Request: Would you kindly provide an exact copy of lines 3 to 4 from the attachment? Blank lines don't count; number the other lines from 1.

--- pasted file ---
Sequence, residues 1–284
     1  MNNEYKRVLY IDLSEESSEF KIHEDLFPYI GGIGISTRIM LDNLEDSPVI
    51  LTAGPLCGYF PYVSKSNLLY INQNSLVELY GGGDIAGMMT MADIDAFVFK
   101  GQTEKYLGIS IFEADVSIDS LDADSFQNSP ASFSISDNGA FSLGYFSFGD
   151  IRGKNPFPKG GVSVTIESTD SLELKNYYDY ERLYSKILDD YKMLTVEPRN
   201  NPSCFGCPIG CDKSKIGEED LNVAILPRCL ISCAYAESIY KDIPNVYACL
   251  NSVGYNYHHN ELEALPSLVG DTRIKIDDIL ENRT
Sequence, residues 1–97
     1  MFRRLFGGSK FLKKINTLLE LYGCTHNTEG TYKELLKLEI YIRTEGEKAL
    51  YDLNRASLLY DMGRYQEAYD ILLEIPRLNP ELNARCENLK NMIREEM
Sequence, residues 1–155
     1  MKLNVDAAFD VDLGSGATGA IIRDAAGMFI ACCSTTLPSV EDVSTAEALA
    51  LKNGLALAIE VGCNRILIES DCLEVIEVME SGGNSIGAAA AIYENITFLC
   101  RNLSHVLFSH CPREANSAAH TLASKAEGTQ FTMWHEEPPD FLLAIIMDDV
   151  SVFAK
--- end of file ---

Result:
    51  LTAGPLCGYF PYVSKSNLLY INQNSLVELY GGGDIAGMMT MADIDAFVFK
   101  GQTEKYLGIS IFEADVSIDS LDADSFQNSP ASFSISDNGA FSLGYFSFGD